Now that urban sustainability is a global goal with the potential to undo the partitioning of disciplines within academic and nonacademic institutions, changes in the culture of knowledge creation are likely to differ in form and scale. Conventionally, urban development is a city-specific issue, limited to finding knowledge on urban forms that make it easier to live and work in the city. But because urban development has become a planetary and complex challenge, sustainability relies on knowledge beyond one’s field of comfort. If we use the current economic model of extracting more from nature, it would mean production and consumption that is beyond what the planet can offer and an increase in international resource conflicts. So, how do we ensure less or recyclable use of resources for the same economic output by cities for the entire global population? This is a planetary and complex question, characterized by predictable and unpredictable scenarios; expected and unprecedented overlaps in stakeholder interests; and a multiplicity of solutions that are never completely right, but rarely completely wrong.
Because urban sustainability has posed multiple, interconnected layers of planetary and complex questions, collaborative knowledge creation – that is, knowledge cocreation – is necessary. Knowledge cocreation is a mechanism for solution-focused interfaces between academics and nonacademics (including industry figures, policy-makers, and members of society). The key principle that has defined knowledge cocreation globally is that nonacademics and academics should have an equal chance to contribute to the framing of research questions and to the design methodologies for finding and experimenting with options for urban sustainability. For academics and nonacademics to operate on equal footing requires putting a dent in the power structures that characterize many research processes – wherein academics, in consultation with a particular funding agency, frame the research agenda and use predetermined methodologies to broaden the understanding of urban sustainability for, rather than with, nonacademics. By viewing knowledge cocreation as a means of changing the rules and regulations of the game, scientists can be positioned to offer an open hand that invites nonacademics in as coproducers, rather than end-users, of knowledge.
Who is responsible for what in the process of changing the culture of knowledge creation? Is it the academics, nonacademics, or both? I explore this with three synchronized layers of empowerment: (1) individual; (2) institutional; and (3) the empowerment of collaborations. The analysis is both normative and applied, and points to the merits and pitfalls of changing the culture of knowledge creation.
Empowerment of individuals means opening up the space to include all relevant actors (scientists, government officials, industry figures, civil society, and local residents) in the process of cocreating knowledge. For instance, if architects, engineers, and urban sociologists are to collaboratively work with the building industry to create commercially viable developments that enhance tenants’ well-being while using scarce but precious metals sparingly, property owners in the city ought to have a front seat at the table. Their contribution would spring from ideas on how to manage properties in ways that reconcile the often-conflicting means of economic, environmental, and social viability. Policy-makers at municipal and central government levels also need to be involved from the start to realize a cohesive policy for the affected sectors. In such a scenario, individual actors would cocreate a sustainable urban design as the boundary object for learning beyond the limits of each person’s expertise. Besides creating a personal learning network, individuals would broaden their understanding of a methodology that relies on fewer natural resources to generate buildings that offer equally good economic outputs and lifestyles for tenants. The academics would generate quality criteria for conducting transdisciplinary research on cities and buildings.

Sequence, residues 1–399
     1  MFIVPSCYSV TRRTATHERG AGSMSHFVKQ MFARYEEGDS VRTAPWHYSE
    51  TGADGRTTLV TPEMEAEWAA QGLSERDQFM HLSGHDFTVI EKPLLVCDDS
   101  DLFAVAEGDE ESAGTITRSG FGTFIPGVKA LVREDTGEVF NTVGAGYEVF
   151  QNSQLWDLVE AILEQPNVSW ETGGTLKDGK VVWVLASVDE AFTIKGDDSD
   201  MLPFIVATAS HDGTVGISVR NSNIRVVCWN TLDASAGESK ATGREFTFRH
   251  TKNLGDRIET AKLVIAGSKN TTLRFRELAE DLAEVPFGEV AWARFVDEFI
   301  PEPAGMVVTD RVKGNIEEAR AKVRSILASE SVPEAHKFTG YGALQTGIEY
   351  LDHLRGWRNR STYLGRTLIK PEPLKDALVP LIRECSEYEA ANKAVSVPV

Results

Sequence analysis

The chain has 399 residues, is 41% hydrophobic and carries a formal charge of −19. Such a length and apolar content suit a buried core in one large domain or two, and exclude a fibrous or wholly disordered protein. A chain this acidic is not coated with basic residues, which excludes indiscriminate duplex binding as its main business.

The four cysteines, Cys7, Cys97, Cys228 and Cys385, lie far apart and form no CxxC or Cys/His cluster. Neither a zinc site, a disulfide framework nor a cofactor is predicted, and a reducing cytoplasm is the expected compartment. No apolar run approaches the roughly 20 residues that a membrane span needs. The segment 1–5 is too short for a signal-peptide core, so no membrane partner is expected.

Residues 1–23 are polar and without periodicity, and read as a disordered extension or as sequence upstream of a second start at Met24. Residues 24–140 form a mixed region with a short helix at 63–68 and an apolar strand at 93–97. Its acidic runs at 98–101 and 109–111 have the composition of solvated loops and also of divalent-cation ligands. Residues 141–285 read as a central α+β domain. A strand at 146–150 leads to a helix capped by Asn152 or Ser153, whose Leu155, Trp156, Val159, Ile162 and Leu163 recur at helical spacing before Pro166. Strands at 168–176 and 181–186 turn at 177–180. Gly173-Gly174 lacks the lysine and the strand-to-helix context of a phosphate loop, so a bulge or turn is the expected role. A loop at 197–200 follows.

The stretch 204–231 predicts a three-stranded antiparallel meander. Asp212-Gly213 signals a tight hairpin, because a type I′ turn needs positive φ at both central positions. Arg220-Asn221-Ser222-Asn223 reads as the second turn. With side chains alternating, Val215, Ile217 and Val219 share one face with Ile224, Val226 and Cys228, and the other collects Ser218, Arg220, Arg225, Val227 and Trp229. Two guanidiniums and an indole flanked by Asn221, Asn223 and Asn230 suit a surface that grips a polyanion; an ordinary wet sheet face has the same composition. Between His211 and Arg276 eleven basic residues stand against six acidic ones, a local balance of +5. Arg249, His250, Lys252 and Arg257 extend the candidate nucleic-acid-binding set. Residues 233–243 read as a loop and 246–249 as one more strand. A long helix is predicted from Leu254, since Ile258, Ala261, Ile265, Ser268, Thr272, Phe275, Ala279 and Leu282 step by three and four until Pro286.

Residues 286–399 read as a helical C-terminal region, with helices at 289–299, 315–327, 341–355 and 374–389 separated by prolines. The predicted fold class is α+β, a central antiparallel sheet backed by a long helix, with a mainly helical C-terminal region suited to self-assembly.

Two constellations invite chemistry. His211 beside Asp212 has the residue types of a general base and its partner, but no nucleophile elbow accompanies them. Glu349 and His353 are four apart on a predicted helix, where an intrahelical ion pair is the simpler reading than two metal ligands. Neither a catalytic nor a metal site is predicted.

However, differences in corporate power and social context can position the elite as the voice for the nonelite and academics as the voice for the nonacademics, thereby minimizing the influence of certain actors on the outcome of the research agenda. This puts academics in a double-agent position; on the one hand, they would care about generating research questions and a methodology that is “scientifically credible,” whereas, on the other, they would be expected to be ensure that the methodology produces a building design that is valuable to property owners, policy-makers, and tenant representatives. The question, then, is who among the academics or nonacademics is best suited to ensure that an outcome is scientifically valid and valuable to society, and what such an outcome would look like? Contestations among architects, engineers, and urban sociologists are very likely, and reconciliation of values and preferences among property owners, builders, policy-makers, and tenants is an uphill task.Footnote 1